One in six councils have on-street EV charge points

An investigation carried out by the AA has found that just one in six English councils have installed on-street charge points in residential areas.

This is despite calls to ban the sale of new petrol and diesel cars and vans from 2030.

With a third of households of English households having no dedicated off-street parking provisions, the AA asked councils what on-street charging infrastructure they currently had, as well as any future plans.

The motoring group has reported that, in many cases, authorities said they were not responsible to find the solution to on-street charging and instead pointed the finger to other councils, who contradicted the claim by also distancing themselves from responsibility.

The AA also found that a number of councils have and continue to successfully apply for funding from the On-Street Residential Charging Scheme, which allows councils to seek up to 75 per cent funding to install charging infrastructure in residential areas where there is little or no dedicated off-street parking, to then install them in town centre car parks.

Several London councils have been early adopters of on-street charging infrastructure with most charge point locations found in the capital. However, the AA says that Brighton and Hove, Coventry and West Berkshire are those flying the flag for EV charging infrastructure. At least 32 councils are now saying that they will install their first on-street charges before the end of 2021, including; Durham, Essex, Plymouth and Chesterfield.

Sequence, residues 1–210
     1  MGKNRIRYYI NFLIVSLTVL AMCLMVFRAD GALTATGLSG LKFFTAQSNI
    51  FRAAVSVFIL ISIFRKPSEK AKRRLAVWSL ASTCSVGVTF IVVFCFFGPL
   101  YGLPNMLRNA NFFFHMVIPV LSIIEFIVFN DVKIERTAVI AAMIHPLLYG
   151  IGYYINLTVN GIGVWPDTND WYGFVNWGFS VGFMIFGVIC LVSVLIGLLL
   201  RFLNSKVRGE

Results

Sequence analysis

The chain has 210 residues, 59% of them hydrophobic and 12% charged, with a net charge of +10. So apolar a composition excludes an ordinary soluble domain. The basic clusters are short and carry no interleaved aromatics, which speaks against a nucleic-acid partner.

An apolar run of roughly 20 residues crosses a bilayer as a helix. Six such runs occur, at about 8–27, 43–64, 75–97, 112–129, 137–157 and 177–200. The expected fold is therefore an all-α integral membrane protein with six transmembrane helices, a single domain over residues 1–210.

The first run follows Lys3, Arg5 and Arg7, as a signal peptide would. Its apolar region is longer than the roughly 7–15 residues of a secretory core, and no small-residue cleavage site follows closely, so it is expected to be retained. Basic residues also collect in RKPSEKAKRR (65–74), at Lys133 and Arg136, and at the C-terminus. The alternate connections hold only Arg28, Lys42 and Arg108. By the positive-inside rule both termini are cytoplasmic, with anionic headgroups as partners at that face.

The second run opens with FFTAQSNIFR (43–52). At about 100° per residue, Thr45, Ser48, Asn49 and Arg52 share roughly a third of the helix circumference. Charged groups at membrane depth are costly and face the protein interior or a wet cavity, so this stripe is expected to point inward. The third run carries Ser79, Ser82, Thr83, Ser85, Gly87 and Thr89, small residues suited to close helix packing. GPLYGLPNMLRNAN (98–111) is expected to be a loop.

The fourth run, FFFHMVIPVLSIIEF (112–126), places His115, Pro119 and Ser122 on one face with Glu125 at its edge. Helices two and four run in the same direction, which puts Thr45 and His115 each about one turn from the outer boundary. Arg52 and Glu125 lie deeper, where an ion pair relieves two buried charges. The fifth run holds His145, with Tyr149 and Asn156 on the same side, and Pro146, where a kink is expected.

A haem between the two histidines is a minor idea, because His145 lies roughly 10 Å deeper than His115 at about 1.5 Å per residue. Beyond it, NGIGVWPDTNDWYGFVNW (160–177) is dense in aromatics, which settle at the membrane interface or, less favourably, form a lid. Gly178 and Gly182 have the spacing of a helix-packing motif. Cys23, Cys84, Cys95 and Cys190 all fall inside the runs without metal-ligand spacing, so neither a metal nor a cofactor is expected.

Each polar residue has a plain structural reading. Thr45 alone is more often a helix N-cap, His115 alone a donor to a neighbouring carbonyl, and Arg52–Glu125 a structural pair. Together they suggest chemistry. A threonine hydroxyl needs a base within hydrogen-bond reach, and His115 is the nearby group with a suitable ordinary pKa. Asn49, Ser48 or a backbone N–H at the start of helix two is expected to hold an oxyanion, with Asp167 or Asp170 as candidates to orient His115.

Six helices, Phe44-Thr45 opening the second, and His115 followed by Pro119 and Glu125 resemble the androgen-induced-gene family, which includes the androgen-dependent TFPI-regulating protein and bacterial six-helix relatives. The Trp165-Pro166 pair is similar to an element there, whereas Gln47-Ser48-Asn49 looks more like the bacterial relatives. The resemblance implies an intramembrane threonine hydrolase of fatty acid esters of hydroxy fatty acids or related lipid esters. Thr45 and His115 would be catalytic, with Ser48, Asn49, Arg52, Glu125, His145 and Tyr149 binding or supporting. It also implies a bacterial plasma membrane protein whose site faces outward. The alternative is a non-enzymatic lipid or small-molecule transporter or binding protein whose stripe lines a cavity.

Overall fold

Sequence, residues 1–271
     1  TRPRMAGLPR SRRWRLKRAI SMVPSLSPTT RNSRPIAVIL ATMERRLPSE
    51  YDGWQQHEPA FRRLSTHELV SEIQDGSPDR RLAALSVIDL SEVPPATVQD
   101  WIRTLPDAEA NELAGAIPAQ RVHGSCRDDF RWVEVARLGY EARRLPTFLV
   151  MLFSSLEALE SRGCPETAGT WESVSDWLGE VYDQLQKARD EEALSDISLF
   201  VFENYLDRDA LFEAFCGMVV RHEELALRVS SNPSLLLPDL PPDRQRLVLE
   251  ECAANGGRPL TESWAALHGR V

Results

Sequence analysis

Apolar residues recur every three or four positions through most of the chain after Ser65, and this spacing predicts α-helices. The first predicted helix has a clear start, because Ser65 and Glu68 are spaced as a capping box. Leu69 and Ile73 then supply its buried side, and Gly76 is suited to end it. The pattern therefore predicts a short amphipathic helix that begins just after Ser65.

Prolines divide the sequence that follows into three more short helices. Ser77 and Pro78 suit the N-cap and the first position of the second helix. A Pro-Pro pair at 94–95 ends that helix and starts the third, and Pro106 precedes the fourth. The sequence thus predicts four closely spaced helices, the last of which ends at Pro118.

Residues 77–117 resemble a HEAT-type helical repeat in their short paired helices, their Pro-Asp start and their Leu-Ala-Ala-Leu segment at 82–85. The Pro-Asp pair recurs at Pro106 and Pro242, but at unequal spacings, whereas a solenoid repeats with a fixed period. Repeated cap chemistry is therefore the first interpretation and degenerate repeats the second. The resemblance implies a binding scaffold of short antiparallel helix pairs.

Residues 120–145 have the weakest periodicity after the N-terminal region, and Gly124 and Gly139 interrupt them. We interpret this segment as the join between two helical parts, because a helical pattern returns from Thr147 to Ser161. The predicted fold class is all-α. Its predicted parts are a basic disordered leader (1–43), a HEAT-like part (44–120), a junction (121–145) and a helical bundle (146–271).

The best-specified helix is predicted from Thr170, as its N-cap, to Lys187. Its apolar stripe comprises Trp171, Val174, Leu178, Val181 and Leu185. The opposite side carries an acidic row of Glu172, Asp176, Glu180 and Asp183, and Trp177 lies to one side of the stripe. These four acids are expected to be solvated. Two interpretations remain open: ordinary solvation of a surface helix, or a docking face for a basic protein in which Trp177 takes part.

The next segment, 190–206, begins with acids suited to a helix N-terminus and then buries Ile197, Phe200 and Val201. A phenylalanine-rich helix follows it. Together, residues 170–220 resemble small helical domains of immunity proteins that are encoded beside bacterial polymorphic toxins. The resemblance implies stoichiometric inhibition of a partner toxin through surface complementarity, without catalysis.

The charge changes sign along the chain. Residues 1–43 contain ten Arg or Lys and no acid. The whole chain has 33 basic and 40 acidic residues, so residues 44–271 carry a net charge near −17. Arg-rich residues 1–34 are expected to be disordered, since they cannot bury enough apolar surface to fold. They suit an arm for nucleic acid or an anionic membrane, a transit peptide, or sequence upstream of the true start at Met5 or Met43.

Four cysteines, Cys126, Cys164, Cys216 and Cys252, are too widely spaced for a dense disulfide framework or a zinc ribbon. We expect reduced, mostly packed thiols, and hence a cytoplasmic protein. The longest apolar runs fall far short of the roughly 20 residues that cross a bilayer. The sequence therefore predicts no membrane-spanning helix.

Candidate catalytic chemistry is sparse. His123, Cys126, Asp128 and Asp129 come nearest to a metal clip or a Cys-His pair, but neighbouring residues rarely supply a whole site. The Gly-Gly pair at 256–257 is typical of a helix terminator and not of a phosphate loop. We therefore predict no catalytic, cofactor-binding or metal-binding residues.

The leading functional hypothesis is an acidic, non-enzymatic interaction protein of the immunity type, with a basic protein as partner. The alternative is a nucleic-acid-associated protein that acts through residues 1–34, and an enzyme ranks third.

Edmund King, AA president says; “A perceived lack of charging points continues to be one of the top three reasons why drivers are hesitant to switch to electric cars. This isn’t helped by councils squabbling amongst themselves over who should be doing the legwork.

“While many councils already have charge points, most of these are either in town centre car parks, or park & ride locations. While this is fine and must continue to grow, but we still need to provide confidence to drivers without dedicated off-street parking that they can charge at home.

“The ORCS grant is specifically designed to help local authorities overcome the challenge of on-street residential parking and charging, however, too many councils see this as a way of bolstering their town centre charging infrastructure. This goes against the spirit of the grant. If the government plans to adopt the phase out of new petrol and diesel cars and vans from 2030, then more focus and support is needed to boost local EV infrastructure.

“It had been assumed that some drivers without home charging would be able to charge EVs at their place of work and help reduce the need for more extensive on-street charging points, but should the current trend for home working continue, then there may be even more pressure to install more residential charging stations.”